I’ve had a few folks ask me what I have been thinking in this election year and so I thought I would sketch out my thoughts on the matter and especially on why I can’t in good conscience vote either for Hillary Clinton or Donald Trump. And trust me, it’s worth every penny you’ve paid for it.
With regard to Clinton, my reasoning is pretty straightforward. I’m not inclined toward many of her policy choices, but my sense is that she will be a fairly ordinary, and ordinarily bad, president after she is sworn in this coming January. (Yes, I think she will win, and win relatively easily). But I can’t vote for her because she is firmly, persistently, and even enthusiastically in favor of protecting and even expanding abortion rights in our country (and overseas). She cannot even manage her husband’s “safe, legal, and rare” mantra. My judgment is that abortion (save for life-saving efforts) is an intrinsic evil and that I cannot vote for someone who thinks as she does.
Of course, lots of people describe themselves as pro-life but think that holding to my position is a mistake. They typically advance two different arguments. In the first, they suggest being this sort of “single-issue” voter goes too far, ignoring all the other reasons one might (or might not) vote for a particular candidate. In one sense, this is correct. If all you do is vote on the basis of a single issue, then, yes, it’s quite likely you’ll fall into moral and political error at some point. But everyone, I would submit, has a single issue, or even a cluster of issues, that serve as a kind of moral floor beneath which they will not go. Ask yourself: would you vote for a segregationist? No? Welcome to the ranks of the single-issue voter.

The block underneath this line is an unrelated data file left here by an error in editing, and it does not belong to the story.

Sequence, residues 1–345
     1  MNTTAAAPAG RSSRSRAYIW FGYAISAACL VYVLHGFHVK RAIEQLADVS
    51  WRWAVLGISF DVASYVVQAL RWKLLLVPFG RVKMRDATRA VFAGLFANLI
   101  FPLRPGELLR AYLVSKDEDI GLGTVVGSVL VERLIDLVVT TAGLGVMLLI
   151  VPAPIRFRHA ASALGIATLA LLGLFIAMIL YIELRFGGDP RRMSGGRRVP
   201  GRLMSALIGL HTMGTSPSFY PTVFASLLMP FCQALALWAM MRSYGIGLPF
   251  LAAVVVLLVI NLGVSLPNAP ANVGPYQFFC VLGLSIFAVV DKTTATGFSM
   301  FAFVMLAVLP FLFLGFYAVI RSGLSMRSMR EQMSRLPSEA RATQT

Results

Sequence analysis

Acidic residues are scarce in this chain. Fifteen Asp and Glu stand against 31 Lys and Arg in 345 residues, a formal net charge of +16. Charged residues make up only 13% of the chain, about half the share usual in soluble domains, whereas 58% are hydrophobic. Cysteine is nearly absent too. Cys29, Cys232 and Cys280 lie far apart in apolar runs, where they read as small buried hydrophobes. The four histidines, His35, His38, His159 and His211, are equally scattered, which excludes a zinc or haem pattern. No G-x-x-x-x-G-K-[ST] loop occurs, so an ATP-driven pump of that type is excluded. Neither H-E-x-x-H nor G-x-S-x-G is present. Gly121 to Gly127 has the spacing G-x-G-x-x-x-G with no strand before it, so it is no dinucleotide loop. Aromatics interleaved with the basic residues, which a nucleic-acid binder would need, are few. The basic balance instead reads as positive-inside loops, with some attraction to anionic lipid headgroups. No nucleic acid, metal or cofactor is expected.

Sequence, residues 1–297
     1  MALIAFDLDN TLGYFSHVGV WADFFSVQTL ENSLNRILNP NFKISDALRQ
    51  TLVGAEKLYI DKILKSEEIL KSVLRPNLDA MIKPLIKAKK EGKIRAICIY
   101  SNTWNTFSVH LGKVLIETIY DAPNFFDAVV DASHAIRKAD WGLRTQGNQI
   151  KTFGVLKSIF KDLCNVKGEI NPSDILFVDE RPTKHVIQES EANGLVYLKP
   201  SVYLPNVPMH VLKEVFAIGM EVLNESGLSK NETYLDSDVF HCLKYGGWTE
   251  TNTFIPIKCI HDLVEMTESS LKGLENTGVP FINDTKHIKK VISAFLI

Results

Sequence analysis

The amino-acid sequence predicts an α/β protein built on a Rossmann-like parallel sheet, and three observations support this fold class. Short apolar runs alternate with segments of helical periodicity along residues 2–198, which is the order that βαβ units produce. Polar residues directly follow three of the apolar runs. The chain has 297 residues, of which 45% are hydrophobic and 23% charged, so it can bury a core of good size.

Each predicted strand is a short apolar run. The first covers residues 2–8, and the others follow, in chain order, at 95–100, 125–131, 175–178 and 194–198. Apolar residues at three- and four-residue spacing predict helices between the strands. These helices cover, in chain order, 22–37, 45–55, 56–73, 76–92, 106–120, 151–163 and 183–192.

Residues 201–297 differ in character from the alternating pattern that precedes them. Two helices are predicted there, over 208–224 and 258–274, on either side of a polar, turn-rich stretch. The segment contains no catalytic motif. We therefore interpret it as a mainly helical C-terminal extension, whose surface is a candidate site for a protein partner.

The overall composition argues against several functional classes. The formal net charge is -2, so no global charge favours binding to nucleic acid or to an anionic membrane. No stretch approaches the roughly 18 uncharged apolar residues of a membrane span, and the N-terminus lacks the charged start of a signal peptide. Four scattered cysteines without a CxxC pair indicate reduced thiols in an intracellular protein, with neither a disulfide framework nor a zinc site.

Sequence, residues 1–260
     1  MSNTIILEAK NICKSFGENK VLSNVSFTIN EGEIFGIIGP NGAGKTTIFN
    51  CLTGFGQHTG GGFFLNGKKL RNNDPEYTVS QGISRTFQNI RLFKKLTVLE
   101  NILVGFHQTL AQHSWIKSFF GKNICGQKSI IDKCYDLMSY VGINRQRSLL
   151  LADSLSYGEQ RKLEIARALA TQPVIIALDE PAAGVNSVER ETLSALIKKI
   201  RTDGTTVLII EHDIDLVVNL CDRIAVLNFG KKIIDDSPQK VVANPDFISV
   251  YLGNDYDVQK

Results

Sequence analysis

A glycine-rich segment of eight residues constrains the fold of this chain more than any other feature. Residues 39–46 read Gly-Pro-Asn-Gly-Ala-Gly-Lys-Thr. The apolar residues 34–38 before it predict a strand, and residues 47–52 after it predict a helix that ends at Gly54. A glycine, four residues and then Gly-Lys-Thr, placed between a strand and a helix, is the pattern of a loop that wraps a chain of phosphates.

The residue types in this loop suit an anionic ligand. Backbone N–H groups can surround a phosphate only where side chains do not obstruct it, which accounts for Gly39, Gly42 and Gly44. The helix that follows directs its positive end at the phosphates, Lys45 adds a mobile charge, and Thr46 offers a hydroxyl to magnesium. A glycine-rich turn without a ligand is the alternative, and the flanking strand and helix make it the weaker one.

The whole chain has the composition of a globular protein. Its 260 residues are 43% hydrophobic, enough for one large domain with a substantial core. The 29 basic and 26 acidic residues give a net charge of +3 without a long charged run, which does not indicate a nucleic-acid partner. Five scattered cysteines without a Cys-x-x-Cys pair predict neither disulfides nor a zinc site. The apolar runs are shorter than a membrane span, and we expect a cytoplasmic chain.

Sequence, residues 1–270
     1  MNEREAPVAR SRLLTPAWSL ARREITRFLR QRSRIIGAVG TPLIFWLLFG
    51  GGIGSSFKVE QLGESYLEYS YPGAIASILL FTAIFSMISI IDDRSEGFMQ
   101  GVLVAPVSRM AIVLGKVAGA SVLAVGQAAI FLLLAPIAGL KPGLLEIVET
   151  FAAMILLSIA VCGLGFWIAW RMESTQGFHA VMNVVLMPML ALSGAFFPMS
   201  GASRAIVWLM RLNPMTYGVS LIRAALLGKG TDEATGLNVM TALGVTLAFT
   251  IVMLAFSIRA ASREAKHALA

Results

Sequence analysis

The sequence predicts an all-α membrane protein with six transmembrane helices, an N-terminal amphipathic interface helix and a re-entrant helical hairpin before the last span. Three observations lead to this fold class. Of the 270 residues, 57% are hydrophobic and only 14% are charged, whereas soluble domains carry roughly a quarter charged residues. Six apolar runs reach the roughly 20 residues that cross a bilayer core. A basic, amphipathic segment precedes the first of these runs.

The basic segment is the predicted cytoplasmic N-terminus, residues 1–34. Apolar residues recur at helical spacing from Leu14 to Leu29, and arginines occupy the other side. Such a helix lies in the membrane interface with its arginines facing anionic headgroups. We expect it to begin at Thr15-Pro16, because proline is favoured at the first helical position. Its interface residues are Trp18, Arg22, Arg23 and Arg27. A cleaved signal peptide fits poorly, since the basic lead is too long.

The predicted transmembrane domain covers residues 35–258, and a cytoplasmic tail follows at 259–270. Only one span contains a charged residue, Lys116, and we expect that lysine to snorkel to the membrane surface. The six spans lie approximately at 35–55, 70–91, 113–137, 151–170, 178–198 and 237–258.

In the second, though, they suggest refusing to vote for pro-choice candidates misses the ways in which other policies—support for mothers, parental leave, etc.—might work to reduce the abortion rate and, after all, aren’t we really in the end looking to reduce the numbers of abortions? Yes, that’s the goal, but in the context of a changed political order that is at least reasonably just. It is not enough, I think, to simply reduce the numbers of abortions—even halve them—while all the more securely protecting the rest via law. Suppose that Clinton’s package of proposals would reduce abortions in the U.S. down to half, roughly 300,000 or so a year. Wouldn’t that be a good thing? Yes, it would, but what then, given that her package of proposals also includes public funding for abortions, rolling back the relatively small number of limits now on abortion rights (including lifting federal restrictions on partial-birth abortions), and expanding funding for abortions (and abortion rights) overseas? On even the most optimistic view (and I’m pretty skeptical of this optimistic view), we might have fewer abortions, but those that occurred—and 300,000 a year is a lot!—would be even more well-protected by law in the U.S. (and elsewhere). And since the real goal is rid ourselves of the elective abortion scourge entirely, we might very well actually be further from that goal, politically speaking, than we are now. Much of Europe is better than the U.S. in one sense on this issue, as they typically restrict abortion to rather early in pregnancy. But in another sense they are worse off: there are, as I understand it, almost no serious political movements trying to end abortion and the prospects for further restricting it are quite dim. (It’s probably worth noting that Europe also belies the idea that very generous welfare states would work to make abortion “unthinkable.”) Our goal should be a constitutional order that reflects what we claim about inherent human dignity, and a vote for pro-choice candidates is not a move in that direction. And so I shall not vote for Hillary Clinton (or Gary Johnson or Jill Stein, who both are also pro-choice).